That do not leave us indifferent.

Carmen and Julio (fictional names) were a young couple, 32 and 31 years old, who wanted to have children.

Carmen, at the age of 19, was diagnosed with polycythemia vera (a type of blood cancer) and was undergoing a treatment incompatible with pregnancy. In an attempt to conceive, she had switched to a medication that was compatible with pregnancy but less effective for her disease.

They did not attempt natural conception because they needed to achieve pregnancy as quickly as possible to return to Carmen’s original medication. When they came to our clinic, they had been trying to conceive for 9 months at another center, where they had undergone 3 failed inseminations, one IVF cycle in which they retrieved 7 oocytes but none were mature, and another IVF cycle that was canceled because her ovaries did not respond. In addition to Carmen’s poor results, there was also a male factor from Julio.

After conducting a series of tests, given the poor outcomes of their previous cycles, our recommended option to achieve the highest probability of pregnancy was to suggest egg donation.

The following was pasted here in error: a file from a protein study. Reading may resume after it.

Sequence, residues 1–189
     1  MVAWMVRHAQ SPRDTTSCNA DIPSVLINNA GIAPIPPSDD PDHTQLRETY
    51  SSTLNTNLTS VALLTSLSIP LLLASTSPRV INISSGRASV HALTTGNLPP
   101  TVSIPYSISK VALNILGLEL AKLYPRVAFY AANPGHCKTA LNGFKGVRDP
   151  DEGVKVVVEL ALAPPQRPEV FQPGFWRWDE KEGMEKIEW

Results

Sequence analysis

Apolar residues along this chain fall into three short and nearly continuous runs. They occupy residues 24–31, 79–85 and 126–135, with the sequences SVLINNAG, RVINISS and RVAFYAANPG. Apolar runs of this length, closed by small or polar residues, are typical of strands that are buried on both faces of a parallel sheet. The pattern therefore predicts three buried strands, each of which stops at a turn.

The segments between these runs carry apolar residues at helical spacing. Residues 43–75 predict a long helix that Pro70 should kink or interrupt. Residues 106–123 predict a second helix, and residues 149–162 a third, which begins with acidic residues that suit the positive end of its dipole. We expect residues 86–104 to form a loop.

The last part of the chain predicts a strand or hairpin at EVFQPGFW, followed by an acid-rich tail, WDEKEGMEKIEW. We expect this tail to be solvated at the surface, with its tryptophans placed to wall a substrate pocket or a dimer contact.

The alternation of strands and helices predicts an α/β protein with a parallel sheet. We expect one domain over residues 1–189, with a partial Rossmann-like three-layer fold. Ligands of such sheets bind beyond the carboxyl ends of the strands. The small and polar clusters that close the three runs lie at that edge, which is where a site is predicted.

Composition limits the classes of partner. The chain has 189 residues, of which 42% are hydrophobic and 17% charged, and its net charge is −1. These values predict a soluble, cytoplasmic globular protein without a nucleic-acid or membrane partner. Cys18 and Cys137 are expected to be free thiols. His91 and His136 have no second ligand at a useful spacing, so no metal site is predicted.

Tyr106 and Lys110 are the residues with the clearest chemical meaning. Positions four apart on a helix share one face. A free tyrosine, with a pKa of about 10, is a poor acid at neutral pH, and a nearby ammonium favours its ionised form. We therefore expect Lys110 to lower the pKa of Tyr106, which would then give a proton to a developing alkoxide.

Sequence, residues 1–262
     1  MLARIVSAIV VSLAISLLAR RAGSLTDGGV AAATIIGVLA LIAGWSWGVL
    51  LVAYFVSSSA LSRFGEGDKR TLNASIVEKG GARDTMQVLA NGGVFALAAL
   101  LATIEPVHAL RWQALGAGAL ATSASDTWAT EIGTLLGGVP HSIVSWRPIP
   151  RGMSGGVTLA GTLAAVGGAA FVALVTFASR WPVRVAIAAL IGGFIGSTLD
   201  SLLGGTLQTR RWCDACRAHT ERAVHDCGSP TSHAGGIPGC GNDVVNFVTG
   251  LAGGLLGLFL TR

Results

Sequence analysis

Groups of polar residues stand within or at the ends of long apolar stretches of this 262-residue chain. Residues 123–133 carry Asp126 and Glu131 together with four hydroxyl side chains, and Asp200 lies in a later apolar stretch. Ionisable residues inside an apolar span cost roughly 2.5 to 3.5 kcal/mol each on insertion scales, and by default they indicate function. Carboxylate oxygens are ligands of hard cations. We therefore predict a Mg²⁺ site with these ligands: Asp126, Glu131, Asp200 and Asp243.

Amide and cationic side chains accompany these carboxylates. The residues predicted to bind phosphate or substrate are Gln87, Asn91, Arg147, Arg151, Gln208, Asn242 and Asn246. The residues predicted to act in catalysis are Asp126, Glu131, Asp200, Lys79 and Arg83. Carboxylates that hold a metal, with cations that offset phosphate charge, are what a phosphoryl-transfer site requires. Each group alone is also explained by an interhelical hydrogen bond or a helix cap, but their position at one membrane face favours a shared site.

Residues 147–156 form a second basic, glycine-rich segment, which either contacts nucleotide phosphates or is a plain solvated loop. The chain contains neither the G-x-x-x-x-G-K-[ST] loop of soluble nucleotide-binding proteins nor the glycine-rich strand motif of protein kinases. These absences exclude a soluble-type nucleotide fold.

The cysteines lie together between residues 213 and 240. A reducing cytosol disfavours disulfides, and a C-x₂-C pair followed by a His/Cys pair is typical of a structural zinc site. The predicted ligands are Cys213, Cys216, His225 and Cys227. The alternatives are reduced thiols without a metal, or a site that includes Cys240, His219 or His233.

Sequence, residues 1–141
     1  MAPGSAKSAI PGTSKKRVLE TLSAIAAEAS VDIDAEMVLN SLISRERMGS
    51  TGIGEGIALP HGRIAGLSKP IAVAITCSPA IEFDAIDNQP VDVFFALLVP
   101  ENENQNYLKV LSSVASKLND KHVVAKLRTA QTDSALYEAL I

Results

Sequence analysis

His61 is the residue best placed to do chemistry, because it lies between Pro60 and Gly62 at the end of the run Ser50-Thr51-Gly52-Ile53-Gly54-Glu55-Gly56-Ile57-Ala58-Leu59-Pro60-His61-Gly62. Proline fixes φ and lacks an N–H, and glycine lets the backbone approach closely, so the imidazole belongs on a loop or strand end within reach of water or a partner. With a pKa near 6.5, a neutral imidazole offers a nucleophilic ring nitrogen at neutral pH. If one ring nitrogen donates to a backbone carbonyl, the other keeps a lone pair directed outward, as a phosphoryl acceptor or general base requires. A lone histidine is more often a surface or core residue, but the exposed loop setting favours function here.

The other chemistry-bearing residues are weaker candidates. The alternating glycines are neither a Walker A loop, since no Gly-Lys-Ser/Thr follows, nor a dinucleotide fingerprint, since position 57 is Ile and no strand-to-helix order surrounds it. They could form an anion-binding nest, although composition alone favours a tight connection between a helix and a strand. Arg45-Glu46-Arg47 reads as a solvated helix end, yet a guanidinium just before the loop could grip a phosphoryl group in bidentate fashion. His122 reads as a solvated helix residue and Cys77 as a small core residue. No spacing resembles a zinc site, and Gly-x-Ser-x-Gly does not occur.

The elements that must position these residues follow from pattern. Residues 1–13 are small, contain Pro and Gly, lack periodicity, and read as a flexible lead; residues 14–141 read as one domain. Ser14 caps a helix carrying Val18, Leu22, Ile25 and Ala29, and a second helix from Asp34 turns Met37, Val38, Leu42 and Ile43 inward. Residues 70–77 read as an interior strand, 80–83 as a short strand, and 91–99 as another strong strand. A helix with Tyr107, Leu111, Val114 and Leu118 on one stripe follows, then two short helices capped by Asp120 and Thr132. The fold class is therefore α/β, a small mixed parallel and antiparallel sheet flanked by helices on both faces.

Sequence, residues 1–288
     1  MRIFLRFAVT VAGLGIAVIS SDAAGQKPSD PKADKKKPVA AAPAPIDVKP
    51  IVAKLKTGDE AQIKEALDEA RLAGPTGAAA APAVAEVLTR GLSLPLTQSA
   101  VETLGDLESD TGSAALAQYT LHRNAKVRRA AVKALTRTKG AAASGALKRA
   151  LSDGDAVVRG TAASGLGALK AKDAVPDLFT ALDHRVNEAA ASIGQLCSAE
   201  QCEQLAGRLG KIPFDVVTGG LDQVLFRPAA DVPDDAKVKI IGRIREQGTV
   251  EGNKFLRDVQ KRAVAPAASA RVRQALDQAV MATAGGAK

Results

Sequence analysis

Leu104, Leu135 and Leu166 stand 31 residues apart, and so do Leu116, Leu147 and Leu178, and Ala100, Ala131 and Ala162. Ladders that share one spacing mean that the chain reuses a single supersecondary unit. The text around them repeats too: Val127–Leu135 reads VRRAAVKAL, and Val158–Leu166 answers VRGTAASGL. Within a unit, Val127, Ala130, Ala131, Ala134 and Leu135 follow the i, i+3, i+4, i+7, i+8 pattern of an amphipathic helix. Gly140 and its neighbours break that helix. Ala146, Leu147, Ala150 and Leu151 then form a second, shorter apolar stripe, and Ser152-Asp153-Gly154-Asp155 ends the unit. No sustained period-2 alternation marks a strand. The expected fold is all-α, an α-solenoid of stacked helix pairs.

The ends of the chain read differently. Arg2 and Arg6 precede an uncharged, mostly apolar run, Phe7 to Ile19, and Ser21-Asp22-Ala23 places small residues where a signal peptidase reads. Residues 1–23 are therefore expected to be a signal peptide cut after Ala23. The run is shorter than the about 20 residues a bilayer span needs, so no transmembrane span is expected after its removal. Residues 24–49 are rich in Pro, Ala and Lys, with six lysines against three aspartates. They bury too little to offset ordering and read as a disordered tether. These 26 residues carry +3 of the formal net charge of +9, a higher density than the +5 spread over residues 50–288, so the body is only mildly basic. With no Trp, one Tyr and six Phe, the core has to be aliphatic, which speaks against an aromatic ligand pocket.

After preparing Carmen’s uterus and stimulating the donor, we obtained 5 high-quality embryos and transferred the best one to Carmen, freezing the rest. Ten days later, the pregnancy test came out positive! Unfortunately, the embryo, although it implanted, resulted in a biochemical pregnancy.

The good news was that we had 4 frozen embryos. Since time was against us, the following month we prepared Carmen’s uterus again to receive the embryo we would thaw. We could only thaw and transfer one embryo because, due to Carmen’s condition, we couldn’t risk a twin pregnancy.

A month later, we thawed the best frozen embryo and transferred it. Ten days later, the pregnancy test was positive again! But we had to remain calm until the ultrasound could detect the baby’s heartbeat, as they had experienced disappointment in the previous cycle.
After 2 weeks of anticipation, the long-awaited ultrasound arrived, and the joy of hearing the baby’s heartbeat!